Bitumen is the scientific name for the heavy oil in what is known as oil sands or, more colloquially as, tar sands.
As Dr. Jim Lacefield has shared at recent public presentations in Florence and Hatton, the presence of oil sands in Alabama has been known for centuries. According to Dr. Lacefield, our native ancestors used the tar-like substance from the sands to seal canoes and for medicinal purposes.
Aside: I’ve known about the oil sands on my family’s land since I was a child in the 1970s. When I was growing up, state and university geologists occasionally paid a visit to do core drilling on family land since we have a surface level outcropping. We even had a few industry speculators visit. Oil and gas investors might recognize one gentleman’s name if I mentioned it.
Back in those days, the vision or goal was to find a way to “drill for oil.” It wasn’t economical to “develop” oil sands, then, because the costs of extracting oil from the sandstone far exceeded the revenue that could be generated.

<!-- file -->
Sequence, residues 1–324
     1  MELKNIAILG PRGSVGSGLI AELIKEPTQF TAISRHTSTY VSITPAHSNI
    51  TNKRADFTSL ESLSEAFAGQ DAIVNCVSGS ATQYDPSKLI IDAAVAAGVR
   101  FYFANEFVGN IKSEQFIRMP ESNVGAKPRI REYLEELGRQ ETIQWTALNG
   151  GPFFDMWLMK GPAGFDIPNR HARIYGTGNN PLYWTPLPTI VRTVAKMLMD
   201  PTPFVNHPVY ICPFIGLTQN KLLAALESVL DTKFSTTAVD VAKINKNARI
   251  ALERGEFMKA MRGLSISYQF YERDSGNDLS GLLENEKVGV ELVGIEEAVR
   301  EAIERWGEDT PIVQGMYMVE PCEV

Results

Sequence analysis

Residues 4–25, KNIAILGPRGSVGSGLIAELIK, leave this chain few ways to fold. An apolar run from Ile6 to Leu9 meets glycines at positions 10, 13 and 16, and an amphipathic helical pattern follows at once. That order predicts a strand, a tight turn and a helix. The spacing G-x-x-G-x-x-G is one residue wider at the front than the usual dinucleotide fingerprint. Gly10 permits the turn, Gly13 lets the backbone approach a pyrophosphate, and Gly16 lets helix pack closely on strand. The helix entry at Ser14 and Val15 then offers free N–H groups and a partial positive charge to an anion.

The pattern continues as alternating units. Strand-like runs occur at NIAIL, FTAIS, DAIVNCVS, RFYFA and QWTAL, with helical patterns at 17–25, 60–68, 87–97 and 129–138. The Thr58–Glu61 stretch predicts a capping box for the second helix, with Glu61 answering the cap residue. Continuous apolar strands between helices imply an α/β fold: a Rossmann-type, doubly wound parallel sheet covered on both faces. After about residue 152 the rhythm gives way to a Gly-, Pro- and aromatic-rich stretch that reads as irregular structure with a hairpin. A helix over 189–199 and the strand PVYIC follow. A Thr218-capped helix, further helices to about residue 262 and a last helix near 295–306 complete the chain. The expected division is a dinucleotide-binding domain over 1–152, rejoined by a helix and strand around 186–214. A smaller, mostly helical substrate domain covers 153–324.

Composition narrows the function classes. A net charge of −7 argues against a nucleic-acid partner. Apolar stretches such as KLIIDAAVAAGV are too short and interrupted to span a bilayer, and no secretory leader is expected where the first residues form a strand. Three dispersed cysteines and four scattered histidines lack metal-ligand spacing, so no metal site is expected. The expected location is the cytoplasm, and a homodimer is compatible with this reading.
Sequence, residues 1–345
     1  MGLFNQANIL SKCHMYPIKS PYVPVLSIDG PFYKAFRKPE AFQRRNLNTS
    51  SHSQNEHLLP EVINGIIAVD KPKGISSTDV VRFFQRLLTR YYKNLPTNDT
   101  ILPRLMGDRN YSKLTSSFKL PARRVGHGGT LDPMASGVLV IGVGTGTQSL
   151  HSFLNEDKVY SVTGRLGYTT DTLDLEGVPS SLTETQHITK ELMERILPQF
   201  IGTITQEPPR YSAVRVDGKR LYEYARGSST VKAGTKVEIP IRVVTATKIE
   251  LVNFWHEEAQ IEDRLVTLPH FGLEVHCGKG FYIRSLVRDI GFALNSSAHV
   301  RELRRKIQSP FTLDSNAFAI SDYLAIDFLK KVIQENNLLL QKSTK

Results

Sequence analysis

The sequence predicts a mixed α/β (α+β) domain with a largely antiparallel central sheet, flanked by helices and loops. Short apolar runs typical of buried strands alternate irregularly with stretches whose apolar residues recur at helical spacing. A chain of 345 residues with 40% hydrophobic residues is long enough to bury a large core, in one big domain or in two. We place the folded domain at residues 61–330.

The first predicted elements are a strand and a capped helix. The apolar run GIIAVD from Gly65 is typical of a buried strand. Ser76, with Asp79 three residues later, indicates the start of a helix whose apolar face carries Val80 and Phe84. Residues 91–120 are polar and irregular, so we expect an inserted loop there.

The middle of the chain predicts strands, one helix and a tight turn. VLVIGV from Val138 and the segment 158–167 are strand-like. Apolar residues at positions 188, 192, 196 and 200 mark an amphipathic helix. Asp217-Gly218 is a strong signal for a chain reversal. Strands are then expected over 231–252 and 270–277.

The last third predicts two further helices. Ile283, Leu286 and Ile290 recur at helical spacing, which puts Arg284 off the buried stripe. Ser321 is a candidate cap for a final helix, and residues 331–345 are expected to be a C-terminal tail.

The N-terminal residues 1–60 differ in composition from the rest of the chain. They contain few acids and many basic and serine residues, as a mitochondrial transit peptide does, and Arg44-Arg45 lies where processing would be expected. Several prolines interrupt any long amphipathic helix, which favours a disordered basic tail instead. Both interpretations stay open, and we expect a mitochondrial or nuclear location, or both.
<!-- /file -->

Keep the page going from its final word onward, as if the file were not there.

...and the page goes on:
As several geologists and petroleum engineers have confirmed in recent public meetings, the industry generally acknowledges that we’re beyond the “peak oil” stage, when easily-obtainable oil can be reached through conventionally drilling. And the bitumen in Alabama is trapped inside water molecules, surrounded by sand and clay. No one is likely to get a gusher of bubbling crude when out hunting critters like Uncle Jed.
Since the bitumen trapped inside the sand, clay and water won’t simply flow from the ground, what techniques have the geologists and petroleum engineers devised to economically extract the bitumen from the earth today?
Basic Geology: 101
We’re looking at a multi-step process that begins with a determination of the depth of the oil sands deposits. In Alabama, bitumen lies within the Hartselle Sandstone geological formation.
As Dr. Lacefield told us, the hydrocarbon deposits in the Hartselle sandstone were formed when a vast ocean covered the area we know today as the Shoals area of north Alabama.
As the continents moved and shifted a body of water that once was an ocean became landlocked. The sand that once washed in and out with the tides settled to the bottom and the water began to evaporate. Little ocean critters were trapped. The lack of oxygen in these waters as the microscopic ocean critters died off left hydrocarbon deposits trapped in the sand and clay that today comprise the formation we call Hartselle sandstone. I think that’s basically what he said.
These hydrocarbon deposits in the sandstone are the bitumen that the oil and gas industry is eager to “recover” today and process into crude oil and then petroleum-based products that “fuel our economy.”